The UK, late april 2020
“Pre-covid” life in the UK almost feels like an aeon ago, but we’re only six weeks into it. At the end of February I was in London, co-hosting an event with colleagues, and was still recruiting and interviewing participants for my research project in mid-March. How things have changed. On the 20th of March the schools closed and the government-ordered lockdown followed a few days later. For most of us, our worlds suddenly shrank.
Covid is a catastrophe on just about every level. As of today, 165,000 people in the UK have been infected (but without widespread testing this figure is likely to be higher) and over 26,000 people have died. Up to 8 million private sector workers may be unable to work, unemployment is rising, the health service is struggling, and the economy is tanking. It’s terrible news for just about everyone, and I’m worried that this context is the setting for a regression around many of the persistent problems in higher education.
The pre-covid (recent) past
Where was higher education in the middle of March, before the pandemic and its effects really took hold? Overall, in a pretty bad place.
Socially, universities had – have – a mountain to climb. Inequalities in terms of access to higher education, particularly at the so-called “top” unis, is an ongoing problem. There is evidence of endemic racism, sexism, ableism, and snobbery, throughout the sector – as there is in other industries. Students of colour, from working class or disadvantaged backgrounds, identifying as LGBTQI+, and/or with a disability, are less likely to enjoy their time at university, more likely to drop out or get lower grades, and won’t do as well on the job market if they do graduate. This is as true (if not more so) on the academic job market, with limited, unequal, and treacherous pathways through postgraduate study/PhDs and the early career stages. It’s a paradox that universities do cutting edge work in understanding and addressing social inequalities but they’re incredibly sluggish when it comes to making practical progress in them.
The middle of March also saw the end of a second round of strike action over pensions, precarious jobs, pay, and pay gaps. On the pension front, the pension fund managers are looking to increase contributions and reduce final pensions, which has been resisted around fundamental disagreements on the value – and therefore health and sustainability – of the pension fund itself. Pay hasn’t kept up with inflation and the pay differentials between genders and ethnic groups (which shouldn’t exist at all) are shockingly wide. Workloads are excessive, leading to widespread mental health problems for staff. Alongside that, universities have bought into a model of fixed term, limited (and zero) hours contracts for a lot of the complex work that goes on in the sector, making career prospects and stability – and paying bills – a pressing problem for thousands of academics and other higher education staff.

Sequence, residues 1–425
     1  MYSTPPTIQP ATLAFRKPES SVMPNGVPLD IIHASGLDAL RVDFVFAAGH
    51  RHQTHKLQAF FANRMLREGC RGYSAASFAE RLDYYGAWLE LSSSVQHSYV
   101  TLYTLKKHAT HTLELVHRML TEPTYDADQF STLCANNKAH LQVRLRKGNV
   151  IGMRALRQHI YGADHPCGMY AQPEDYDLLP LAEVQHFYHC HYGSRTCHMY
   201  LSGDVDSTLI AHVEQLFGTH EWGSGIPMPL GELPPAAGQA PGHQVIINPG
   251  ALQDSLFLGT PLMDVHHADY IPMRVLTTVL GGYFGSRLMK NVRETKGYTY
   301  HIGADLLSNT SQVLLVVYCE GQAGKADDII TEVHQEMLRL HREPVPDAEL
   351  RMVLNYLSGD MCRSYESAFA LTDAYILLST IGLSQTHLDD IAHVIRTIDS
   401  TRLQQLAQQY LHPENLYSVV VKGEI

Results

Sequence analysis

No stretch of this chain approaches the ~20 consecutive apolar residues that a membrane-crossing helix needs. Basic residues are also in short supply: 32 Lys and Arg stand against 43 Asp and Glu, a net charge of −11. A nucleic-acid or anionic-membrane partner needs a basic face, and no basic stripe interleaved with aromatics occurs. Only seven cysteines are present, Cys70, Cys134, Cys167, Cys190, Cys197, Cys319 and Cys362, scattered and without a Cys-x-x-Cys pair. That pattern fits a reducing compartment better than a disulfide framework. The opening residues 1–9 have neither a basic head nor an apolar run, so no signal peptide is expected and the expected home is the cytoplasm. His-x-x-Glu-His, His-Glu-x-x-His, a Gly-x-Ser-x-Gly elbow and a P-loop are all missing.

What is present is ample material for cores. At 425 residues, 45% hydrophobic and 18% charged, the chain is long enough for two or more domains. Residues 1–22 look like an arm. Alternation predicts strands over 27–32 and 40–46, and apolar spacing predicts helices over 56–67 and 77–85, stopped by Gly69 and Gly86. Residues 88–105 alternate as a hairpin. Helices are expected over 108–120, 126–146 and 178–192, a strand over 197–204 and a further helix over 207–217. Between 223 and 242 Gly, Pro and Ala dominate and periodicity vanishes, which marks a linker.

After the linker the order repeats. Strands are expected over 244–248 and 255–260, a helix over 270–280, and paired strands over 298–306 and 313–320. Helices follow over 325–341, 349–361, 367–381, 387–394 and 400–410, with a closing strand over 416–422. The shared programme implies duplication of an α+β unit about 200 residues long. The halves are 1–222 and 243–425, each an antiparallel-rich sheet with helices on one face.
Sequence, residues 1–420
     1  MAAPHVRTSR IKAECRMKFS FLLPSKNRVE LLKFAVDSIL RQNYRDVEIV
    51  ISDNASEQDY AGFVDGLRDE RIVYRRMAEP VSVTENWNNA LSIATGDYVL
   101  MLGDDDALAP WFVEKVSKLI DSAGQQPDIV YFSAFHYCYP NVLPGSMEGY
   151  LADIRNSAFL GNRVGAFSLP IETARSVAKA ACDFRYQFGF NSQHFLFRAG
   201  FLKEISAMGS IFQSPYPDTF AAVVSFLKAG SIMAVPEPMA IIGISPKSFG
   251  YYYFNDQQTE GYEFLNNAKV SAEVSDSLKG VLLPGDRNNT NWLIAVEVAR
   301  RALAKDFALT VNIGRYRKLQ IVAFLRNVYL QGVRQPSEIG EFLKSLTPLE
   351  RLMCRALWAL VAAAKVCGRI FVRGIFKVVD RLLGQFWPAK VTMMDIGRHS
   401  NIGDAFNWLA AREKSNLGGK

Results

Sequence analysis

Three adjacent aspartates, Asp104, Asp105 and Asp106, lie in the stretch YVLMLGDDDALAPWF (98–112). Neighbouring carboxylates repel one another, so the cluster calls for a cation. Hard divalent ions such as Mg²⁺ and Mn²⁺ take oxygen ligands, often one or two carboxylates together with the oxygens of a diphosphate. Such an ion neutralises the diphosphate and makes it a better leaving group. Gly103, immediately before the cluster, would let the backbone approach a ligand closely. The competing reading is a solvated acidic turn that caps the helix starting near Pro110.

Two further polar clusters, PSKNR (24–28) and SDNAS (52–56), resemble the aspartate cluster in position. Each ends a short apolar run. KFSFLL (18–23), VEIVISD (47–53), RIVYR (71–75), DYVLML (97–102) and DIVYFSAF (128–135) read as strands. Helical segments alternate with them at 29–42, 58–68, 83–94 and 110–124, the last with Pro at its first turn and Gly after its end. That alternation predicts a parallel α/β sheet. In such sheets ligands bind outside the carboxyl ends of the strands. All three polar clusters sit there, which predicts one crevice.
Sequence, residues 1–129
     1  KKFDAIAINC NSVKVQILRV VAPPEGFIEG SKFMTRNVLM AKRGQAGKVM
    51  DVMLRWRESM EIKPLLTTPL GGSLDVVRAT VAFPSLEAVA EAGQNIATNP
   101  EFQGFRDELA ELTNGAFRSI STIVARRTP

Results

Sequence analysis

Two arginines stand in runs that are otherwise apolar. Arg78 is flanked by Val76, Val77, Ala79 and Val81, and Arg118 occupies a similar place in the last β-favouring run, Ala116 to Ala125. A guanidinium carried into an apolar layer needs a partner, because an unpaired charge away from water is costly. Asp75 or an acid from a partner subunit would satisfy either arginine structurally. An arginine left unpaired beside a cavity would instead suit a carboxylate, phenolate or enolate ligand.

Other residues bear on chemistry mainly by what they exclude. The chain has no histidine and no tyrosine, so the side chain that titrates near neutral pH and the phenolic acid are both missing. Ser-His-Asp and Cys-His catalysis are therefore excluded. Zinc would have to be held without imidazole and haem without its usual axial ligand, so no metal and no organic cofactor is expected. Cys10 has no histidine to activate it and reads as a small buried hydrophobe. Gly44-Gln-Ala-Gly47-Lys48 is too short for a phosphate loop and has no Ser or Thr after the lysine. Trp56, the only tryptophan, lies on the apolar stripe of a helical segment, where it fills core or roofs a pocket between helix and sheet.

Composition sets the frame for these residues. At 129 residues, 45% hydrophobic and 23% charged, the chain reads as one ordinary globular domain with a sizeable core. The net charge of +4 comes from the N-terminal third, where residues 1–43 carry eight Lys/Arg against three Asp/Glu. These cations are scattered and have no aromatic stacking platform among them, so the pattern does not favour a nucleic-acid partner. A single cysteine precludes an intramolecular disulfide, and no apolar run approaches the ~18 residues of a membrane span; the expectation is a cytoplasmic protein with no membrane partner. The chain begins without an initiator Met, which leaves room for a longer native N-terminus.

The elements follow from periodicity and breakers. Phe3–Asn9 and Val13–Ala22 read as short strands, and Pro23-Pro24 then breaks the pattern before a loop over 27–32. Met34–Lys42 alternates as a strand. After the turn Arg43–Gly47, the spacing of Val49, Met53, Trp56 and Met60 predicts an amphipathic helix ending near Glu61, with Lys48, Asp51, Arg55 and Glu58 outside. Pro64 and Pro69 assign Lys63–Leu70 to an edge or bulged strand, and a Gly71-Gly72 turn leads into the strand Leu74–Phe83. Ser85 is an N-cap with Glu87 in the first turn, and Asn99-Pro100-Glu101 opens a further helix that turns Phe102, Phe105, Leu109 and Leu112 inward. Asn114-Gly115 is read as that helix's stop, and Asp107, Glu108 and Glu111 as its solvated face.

Alongside all of this, status hierarchies – which relate to research funding allocations and student recruitment – and are unjustifiably pronounced. Rankings and other measures of “excellence” (the most overused and meaningless word in the sector) reproduce and magnify these hierarchies. Competition between universities is so intense that there seems to be little to no sense of solidarity at the inter-organisational level, rather clusters of similar universities pitted against each other while the oldest and wealthiest retain an excessive dominance. Underpinning this is a financial model which loads huge government-backed debts onto students, a large proportion of which can’t be paid back. Many universities have borrowed heavily to invest in refurbishments and new buildings to attract fee-paying students, too. Let’s not forget Brexit, either, which is likely to lead to reductions in our ability to attract international staff, students and EU grant funding.
And now enter Covid, stage right.
The covid present
The most obvious effect on universities has been a pretty much overnight emptying of campuses, sites that are ordinarily populated by thousands of people, many of whom live there. They must be deserted now, apart a skeleton staff and a small number of solitary students who are unable or unwilling to return home, or don’t have a home to return to. For international students, far from their support networks and with no foreseeable prospect of returning to them, it must be incredibly difficult. All taught classes, assessments and exams, most practical/lab work, and the endless array of meetings, conferences and other events, have either been moved online or cancelled.
This migration of resources, and the effort involved in doing this, is a story in itself. I work in a department which conducts most of its teaching online, but at short notice a week’s residential of intense teaching had to be rapidly converted into recorded sessions, webinars, discussion fora, and so on. For the teaching and support staff, it was some undertaking. For colleagues who are involved in providing/supporting predominantly face to face teaching, it’s a monumental task. What we’re currently doing is a stop-gap, adapting in-class teaching to online provision, which is very different from pre-planned distance learning.
One silver lining here is that disability groups have long campaigned for more accessible and online provision, which many universities have hitherto resisted. It’s amazing what they can do when they’re forced to. There are also question marks about ed-tech companies doing very well as they profit from both selling online platforms and the data their usage generates – it’s a murky business, both pedagogically and morally. Beyond that, underpinned by the stress of covid-related worry and full-time childcare, all of the regular bureaucratic business of universities continues: the planning and strategising, interim problem solving, maintaining relationships, dealing with changes in government policy, collaborative grant writing and bid submission, as well as setting up contingency plans around covid.